?

Log in

No account? Create an account
Bertie

The Surgeon

The Surgeon by Tess Gerritsen is a crime book I've been trying to read for several months. For one reason or another my attempts were unsuccessful but, at long last, I've managed it. So many people have told me how good her books are that I was quite anxious to try them; now I've read one for myself I understand the enthusiasm!




A&E surgeon Catherine Cordell has moved from Savannah to Boston to work in the hospital there. She's trying to forget an appalling sexual assault and near murder where she only survived by shooting and killing her assailant. He is dead, she should be able to rebuild her life, but two years later it's quite clear she has someone else on her trail.

In Boston two women have been murdered and another badly assualted in exactly the same manner as the Savannah murders and assualts. But the perpetrator is dead so what's going on? Detective Moore, known as 'Saint' Moore', and Jane Rizzoli, a rookie detective not popular because of her prickliness, begin to investigate. It becomes clear that the centre of this investigation is Catherine Cordell but she can hardly remember the events of that fateful night. To Rizzoli's disgust her temporary partner, Moore, for whom she had huge respect, becomes personally involved with the surgeon. Rizzoli makes a bad mistake whilst chasing a supsect and is sidelined in the investigation, but she can't leave it alone, partly because her treatment in the police department mirrors her family life... often ignored in favour of the men. It makes her even more determined to rise above it all and solve this mystery before someone else is brutally murdered.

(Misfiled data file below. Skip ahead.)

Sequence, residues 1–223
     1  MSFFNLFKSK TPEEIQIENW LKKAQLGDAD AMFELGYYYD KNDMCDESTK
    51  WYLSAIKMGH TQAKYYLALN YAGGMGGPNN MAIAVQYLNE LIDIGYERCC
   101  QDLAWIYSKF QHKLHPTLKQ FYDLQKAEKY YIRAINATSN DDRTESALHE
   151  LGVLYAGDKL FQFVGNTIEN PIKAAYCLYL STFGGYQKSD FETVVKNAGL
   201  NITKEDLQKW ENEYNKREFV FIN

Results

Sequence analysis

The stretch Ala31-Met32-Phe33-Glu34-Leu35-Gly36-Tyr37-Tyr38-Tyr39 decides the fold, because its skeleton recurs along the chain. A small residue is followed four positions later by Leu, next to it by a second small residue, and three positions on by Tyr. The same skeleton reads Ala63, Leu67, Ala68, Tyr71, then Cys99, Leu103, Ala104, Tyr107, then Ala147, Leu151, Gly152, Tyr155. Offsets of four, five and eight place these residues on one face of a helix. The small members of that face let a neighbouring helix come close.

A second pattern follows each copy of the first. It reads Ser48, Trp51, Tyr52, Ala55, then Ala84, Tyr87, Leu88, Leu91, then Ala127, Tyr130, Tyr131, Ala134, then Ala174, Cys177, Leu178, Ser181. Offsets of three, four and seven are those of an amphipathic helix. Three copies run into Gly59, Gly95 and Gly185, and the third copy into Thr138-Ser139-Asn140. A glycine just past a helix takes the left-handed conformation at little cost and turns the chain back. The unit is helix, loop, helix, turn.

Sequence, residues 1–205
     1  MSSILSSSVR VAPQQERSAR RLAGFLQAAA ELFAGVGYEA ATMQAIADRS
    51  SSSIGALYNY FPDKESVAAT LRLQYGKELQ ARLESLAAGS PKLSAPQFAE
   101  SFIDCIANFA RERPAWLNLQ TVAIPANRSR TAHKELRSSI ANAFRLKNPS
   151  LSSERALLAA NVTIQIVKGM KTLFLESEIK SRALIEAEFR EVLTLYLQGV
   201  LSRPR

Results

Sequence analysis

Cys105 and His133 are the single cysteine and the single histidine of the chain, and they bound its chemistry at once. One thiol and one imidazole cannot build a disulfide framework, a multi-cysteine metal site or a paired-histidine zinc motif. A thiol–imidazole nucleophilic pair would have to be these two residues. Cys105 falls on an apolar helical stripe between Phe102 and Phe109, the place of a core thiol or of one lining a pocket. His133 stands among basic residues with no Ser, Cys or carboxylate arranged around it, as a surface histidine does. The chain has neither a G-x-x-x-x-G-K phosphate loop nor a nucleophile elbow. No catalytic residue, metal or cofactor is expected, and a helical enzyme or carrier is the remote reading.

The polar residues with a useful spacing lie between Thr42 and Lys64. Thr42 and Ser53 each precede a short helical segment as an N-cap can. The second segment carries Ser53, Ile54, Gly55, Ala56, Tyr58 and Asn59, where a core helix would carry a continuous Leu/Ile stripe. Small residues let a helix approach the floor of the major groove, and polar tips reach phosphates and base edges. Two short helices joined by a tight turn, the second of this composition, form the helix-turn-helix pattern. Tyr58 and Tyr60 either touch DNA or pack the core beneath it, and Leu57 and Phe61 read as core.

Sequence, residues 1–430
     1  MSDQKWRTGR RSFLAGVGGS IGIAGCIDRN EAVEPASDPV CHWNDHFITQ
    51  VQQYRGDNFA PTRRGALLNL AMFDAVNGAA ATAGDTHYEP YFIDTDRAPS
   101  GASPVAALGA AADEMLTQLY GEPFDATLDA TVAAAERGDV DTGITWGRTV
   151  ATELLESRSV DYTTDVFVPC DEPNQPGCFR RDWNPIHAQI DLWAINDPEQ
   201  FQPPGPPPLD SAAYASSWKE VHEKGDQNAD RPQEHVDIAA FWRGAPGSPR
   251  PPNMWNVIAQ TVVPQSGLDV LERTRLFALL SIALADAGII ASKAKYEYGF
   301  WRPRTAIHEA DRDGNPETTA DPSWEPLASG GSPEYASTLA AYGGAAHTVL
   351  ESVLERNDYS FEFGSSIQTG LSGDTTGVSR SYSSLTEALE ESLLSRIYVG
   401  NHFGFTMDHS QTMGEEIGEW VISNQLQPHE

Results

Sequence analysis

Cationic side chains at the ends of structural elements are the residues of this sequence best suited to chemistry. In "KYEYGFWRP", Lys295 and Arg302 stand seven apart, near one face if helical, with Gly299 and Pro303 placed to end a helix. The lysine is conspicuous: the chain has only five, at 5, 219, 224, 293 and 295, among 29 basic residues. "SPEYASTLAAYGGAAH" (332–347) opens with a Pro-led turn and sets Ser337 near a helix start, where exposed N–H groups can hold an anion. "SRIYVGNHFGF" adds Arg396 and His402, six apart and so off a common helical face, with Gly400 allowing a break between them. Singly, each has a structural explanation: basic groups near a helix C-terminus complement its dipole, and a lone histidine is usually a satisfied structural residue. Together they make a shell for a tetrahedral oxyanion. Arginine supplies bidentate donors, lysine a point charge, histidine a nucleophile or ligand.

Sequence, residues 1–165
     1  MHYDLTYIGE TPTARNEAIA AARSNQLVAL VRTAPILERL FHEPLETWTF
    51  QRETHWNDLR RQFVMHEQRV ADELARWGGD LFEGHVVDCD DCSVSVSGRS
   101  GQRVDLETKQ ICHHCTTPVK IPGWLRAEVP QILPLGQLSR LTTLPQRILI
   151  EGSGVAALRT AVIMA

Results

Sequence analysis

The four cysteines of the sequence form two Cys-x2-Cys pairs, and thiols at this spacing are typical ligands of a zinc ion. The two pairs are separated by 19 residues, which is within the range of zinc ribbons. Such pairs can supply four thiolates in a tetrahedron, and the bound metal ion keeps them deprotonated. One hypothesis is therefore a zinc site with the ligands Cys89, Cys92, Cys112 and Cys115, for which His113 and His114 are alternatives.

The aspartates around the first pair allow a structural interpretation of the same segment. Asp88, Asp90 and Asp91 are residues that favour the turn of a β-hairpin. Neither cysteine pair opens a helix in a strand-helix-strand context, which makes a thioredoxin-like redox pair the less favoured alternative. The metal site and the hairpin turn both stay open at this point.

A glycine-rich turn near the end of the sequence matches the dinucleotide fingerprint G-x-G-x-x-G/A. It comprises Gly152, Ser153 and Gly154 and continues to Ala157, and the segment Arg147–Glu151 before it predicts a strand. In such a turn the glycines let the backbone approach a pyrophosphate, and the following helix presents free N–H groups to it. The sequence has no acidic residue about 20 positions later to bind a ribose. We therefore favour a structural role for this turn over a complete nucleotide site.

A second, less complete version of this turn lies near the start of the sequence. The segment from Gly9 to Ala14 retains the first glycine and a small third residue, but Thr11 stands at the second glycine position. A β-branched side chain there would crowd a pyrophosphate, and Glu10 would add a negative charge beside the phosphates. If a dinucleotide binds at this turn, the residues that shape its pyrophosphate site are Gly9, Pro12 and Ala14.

Well now, the first thing to say about this is how how gory it is. There's blood and guts and vivid descriptions of what goes on in the A&E departments of any large hospital. Plus, graphic descriptions of really nasty bodily assaults on women. This book should so *not* be my thing. I mean *really*. I cannot understand for the life of me why I liked it so much, I really really can't.

On the plus side I really liked Jane Rizzoli. She's describes as 'plain', is abrasive and prickly, but that is understandable. Women are constantly being sidelined in favour of men and an incident where she got back to her desk and found some moron had put a tampon in her bottle of water made me really feel for her. I can actually remember reading of a real life incident like this, otherwise I would think it far-fetched, no man would do this surely? Well yes, as matter of fact, a minority of men *would* do such a degrading thing. So she had my sympathy right from the start and I wanted to see her solve this one and prove she was every bit as good, if not better, than the men.

The story itself is also rather gripping. It's a bit clichéd but a 'roller-coaster ride' describes it very accurately. There's a lot of suspense, plot twists, even a bit of romantic suspense! I really liked it... and I am someone who never watches operations on TV and am definitely not into medical dramas or anything like that. I want to know more about Jane Rizzoli now, not sure how many books there are in this series but book two is The Apprentice and may be connected to book one as far as I can tell. It's just been returned to my local library so I will be on the doorstep first thing tomorrow morning to grab it before anyone else!

Comments

Hmmm. Doesn't sound like my sort of novel, either. Still, since you enjoyed it so much, the author must be one terrific writer.

I always feel that it's cause for congratulations whenever someone finds a book that gives them an excellent read. So, congratulations!
Nope, this is certainly not a book for everyone and I entirely understand why you might feel that way.

Thank you. :-) It's not great literature but I found it extremely readable and sometimes that's all you want.